In 1999 a bunch of Melbourne Bayside residents and riders got talking and realised they were after a cycling experience that wasn’t just about racing; something that offered a more relaxed pace for those who were just out to enjoy a quality spin.
Conversations escalated and the St Kilda Cycling Club was formed, incorporated and successfully applied for a licence with Cycling Australia. From the 15 – 20 or so members in those formative years, SKCC has grown into a 1,000+ strong force, and their eponymous kit is constantly seen not only along their Beach Rd stomping ground, but on rides around Victoria, interstate and some even go as far as following the Grand Tours each year.
An explosion in cycling
What is it about SKCC that has seen it become in just 15 years one of the most recognised clubs in Victoria? Some members suggest it’s reflective of the explosion in cycling generally. Others put it down to social media turning Aussie cyclists into household names. Across the board however, and it seems largely to do with the fact that this club is so inclusive; they’ve stuck to their roots and remained something more than just racing.
Would you like a ride with your coffee?
Actually chatting to several members, we wonder if St Kilda Coffee Culture might be a more appropriate title for this big, big bunch. These riders love their cuppas! In their own words, socialising, coffee and food is what binds these members. Any chance for a quality spin followed by an even higher quality coffee and bite to eat, and they’re there. This is a bunch that enjoys the good things in life and with Melbourne as their backyard; they’ve got plenty of options.
But let’s pull ourselves out of the café and back into the saddle, if only for a moment.
The women of SKCC
When SKCC first began, their female members used to have to compete in men’s races. These days, members Lisa Byrne and Judy Barnesby sit on the Cycling Victoria Board (along with SKCC's Matt Fletcher and Glen Pearsall) and one, Melinda Jacobsen, entered the history books as the first female President of an Australian cycling club (she presided in 2007-2008). These individuals have had a big influence in making SKCC the number one club in the country with the greatest volume (237/ 26 per cent nationally) of female members.
Melinda’s arrival at the club speaks volumes of its inclusive culture. With a running background, she moved from Brisbane to Melbourne but struggled to find a run group with which she gelled. The club's (infamous) training weekend in Inverloch caught her attention, but club membership was an entry requirement. Easy fixed – she joined SKCC purely to get along to the weekend.
Melinda ended up getting much more than she bargained for, instantly connecting with the SKCC culture and bonding with many of its members, who remain lifelong friends. SKCC became the single biggest reason for her settling so well into Melbourne. Within 12 months
Melinda was on the Committee and within three years she had created club history as its first female President. This coincided nicely with her role as the first General Manager of Amy Gillett Foundation and SKCC winning Victoria's Cycling Club of the Year (2007).
She attributes much of the SKCC magic to its down-to-Earth members; nobody takes themselves too seriously and everyone’s out to just enjoy life, on and off the bike.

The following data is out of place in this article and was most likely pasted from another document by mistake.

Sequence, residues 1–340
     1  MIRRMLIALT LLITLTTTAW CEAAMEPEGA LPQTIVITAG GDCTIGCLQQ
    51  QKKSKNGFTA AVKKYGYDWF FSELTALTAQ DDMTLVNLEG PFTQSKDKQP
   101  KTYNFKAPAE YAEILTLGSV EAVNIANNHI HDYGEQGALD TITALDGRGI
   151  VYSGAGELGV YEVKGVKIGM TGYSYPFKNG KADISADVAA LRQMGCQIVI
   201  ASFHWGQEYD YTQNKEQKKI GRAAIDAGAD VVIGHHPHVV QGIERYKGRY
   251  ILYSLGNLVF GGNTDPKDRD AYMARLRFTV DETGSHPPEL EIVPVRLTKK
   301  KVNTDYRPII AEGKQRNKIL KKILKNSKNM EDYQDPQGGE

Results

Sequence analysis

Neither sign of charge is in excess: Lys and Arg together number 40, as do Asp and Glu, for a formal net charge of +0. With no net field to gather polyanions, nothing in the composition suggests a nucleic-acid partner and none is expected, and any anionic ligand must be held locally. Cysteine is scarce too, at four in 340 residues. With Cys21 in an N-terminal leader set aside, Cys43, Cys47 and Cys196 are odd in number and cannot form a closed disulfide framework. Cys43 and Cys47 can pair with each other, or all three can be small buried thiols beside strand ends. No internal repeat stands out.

Feel like a spin with SKCC?
Programmes like Cycling Australia’s Breeze reflects what this club is doing to raise the profile of riding amongst women. Every Tuesday morning SKCC female cyclists head to Breeze Along the Boulevard – a ride in Kew designed to introduce newbies to the sport, share with them advice around cycling etiquette and culture, help them feel comfortable on the roads and just encourage them to feel the passion.
But this is far from a women’s only club – riders of all ages, backgrounds and skills are welcome. Arrive at Café Race on a Friday at 5:45am and you can jump in with the Velo Venredi bunch, an end-of-week spin down Beach Rd and back.
There’s also Monthly Meander – SKCC’s version of a mystery ride whereby members turn up without a clue about where they might end up.
Off the bike and this club still finds plenty of good reasons to catch up and continue the conversation, eating and drinking.
Fancy a night out?
An annual Club Presentation dinner is held to acknowledge the stand-out achievements of its members. This is largely of course a recognition of their riding throughout the year, but those with outstanding stories off the bike are also celebrated. Case in point – Carol Cooke, a club member with Multiple Sclerosis whose incredible volunteer work has seen her become a 2014 Victorian of the Year and finalist for Australian of the Year.
Then there’s the annual ball, where members swap Lycra for something a lot more glam and get together to have a great time and raise funds for the St Kilda Mission (the club also supports Amy Gillett Foundation).
And although they might want us to think all they do is graze from one café to another, they do actually squeeze in a solid chunk of racing as well, particularly in Northern Combine (where they race clubs such as Coburg, Melton and Bendigo), the Southern Masters, the Southern Vets and – more recently – a Juniors race every Sunday.
Although its roots are in road riding, the club has also developed a MTB, Cyclocross and Track programme that are growing steadily as well.
Matty Lloyd (former Australian Road Champion), Jo Hogan (who's been competing in Spain the past several seasons) and Miranda Griffiths (who has been based in the US riding for Vanderkitten) must love their coffee, too, as they’re three familiar faces in the club.
If you’re a rider who fancies a quality coffee and a quality chat, this club has your name all over it!